At a regular media briefing in Westminster, a 10 Downing Street spokeswoman was repeatedly asked whether Mr Cameron would be speaking on behalf of the whole Government when he makes his statement this afternoon, but declined to answer the question directly.
The Prime Minister is making a statement in his role as Prime Minister. It is a lengthy report. They are still working through it... There is a lot to work through in a short period of time.
Both the Prime Minister and Deputy Prime Minister want to make a statement on the report.
We are in a coalition Government and sometimes things are done differently in a coalition Government.
The campaign organisation Avaaz is holding a small protest in Westminster featuring a bound and gagged Prime Minister and a Rupert Murdoch figure burning pages of the Leveson report.
Avaaz is calling for a 20% cap on media ownership by anyone person or company.
The organisation's executive director Ricken Patel said the Prime Minister has a "once in a generation chance to end the Murdoch mafia".
Commons leader Andrew Lansley told MPs that both Mr Cameron and Mr Clegg would be speaking "on Government policy".
He defended the arrangement as being "perfectly reasonable in immediate response to a wide ranging inquiry as the Leveson Inquiry, for a sense of how the coalition government is pursuing the process of considering a response to this report".
"The House will be better informed by virtue of two statements than by one," he added.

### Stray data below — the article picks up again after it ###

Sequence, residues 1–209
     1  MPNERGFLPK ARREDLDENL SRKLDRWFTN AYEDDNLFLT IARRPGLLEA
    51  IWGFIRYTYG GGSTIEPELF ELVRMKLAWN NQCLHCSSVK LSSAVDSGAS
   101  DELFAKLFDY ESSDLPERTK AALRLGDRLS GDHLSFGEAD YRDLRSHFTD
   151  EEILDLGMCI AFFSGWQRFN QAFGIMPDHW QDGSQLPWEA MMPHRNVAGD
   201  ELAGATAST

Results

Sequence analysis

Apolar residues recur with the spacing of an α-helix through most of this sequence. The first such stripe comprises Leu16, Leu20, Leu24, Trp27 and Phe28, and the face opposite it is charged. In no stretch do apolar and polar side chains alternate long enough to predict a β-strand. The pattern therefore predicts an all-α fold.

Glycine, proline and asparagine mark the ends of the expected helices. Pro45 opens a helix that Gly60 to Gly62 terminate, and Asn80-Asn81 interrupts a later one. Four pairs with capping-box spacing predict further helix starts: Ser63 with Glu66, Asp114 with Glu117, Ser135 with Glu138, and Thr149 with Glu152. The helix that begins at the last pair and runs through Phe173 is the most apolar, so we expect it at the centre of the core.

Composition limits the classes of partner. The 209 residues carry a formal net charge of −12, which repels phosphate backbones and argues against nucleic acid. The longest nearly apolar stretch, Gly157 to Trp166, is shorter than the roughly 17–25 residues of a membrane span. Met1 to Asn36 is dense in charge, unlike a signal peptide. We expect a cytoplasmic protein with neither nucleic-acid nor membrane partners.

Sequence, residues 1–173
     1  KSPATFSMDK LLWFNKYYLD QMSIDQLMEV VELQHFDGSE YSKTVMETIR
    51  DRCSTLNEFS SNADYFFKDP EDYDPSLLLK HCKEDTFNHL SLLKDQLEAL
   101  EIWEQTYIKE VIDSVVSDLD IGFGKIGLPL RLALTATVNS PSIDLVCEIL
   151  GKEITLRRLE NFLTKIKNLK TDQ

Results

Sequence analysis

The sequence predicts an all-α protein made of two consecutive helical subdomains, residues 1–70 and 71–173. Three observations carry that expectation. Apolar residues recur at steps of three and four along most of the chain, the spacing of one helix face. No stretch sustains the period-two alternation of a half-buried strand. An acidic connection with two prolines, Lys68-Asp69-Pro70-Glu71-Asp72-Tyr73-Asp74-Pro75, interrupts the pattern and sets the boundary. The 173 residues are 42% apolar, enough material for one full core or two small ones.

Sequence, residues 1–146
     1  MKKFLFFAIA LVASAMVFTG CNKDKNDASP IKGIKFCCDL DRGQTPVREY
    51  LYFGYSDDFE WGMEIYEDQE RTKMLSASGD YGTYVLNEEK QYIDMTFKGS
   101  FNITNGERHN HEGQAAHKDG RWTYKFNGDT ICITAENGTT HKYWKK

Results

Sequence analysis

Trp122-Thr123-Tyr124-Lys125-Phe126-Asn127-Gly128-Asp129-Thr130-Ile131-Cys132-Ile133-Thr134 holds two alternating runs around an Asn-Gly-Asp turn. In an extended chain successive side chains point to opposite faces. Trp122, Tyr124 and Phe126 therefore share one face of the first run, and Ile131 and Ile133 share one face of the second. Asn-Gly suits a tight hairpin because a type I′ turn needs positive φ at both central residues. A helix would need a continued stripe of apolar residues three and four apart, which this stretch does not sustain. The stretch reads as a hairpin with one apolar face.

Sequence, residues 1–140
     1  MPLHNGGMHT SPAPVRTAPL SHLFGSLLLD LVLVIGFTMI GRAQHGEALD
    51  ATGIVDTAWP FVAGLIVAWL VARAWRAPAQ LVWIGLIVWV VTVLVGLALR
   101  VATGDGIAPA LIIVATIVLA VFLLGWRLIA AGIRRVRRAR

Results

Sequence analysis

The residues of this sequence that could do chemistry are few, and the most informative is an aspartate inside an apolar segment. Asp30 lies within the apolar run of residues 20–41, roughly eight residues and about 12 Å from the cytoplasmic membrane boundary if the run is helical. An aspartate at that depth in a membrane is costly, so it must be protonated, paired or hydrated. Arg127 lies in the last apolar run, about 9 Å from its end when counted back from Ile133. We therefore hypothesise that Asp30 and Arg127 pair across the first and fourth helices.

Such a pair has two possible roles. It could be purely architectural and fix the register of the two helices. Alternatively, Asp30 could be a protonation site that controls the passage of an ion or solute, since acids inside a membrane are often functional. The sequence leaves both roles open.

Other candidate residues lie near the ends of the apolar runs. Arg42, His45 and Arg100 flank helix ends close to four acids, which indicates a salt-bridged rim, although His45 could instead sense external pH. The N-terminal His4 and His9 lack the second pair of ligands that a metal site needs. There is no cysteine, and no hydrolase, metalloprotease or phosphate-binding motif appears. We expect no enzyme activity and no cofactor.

Lord Prescott said he hopes that the Leveson report will call time "on discredited and useless press self-regulation once and for all," in a piece written for the LabourList.
A man is standing outside the Queen Elizabeth II centre holding a satirical image that shows Lord Justice Leveson sweeping an overloaded donkey cart full of the main players in the Leveson Inquiry.
The painting is by Kaya Mar and is entitled "Leveson Inquiry - We're All In This Together".
The Government should not interfere in press regulation "under any circumstances", the father of a July 7 bombings victim said.
Graham Foulkes, whose 22-year-old son David was one of the 52 people killed in the 2005 attacks, is thought to be a potential phone hacking victim.
He told BBC Breakfast: "What mustn't happen, under any circumstances, is for Parliament and Government to start interfering and passing laws to regulate the press and the media in any shape or form.
"A free press and a free media is a cornerstone of democracy and we should not allow the Government to interfere.
"I'm hoping that Leveson comes up with a process which will restore public confidence in the media by forcing the media to behave themselves."
Actor and phone-hacking victim Hugh Grant has arrived at the Queen Elizabeth II centre in Westminster where Lord Justice Leveson will make his statement this afternoon.
Health Secretary Jeremy Hunt refused to answer any questions on the Leveson report this morning ahead of its publication.
Mr Hunt, the former Culture Secretary, lost his special adviser and came very close to losing his job after the closeness of links between his office and lobbyists for Rupert Murdoch's News Corporation were revealed during the Inquiry.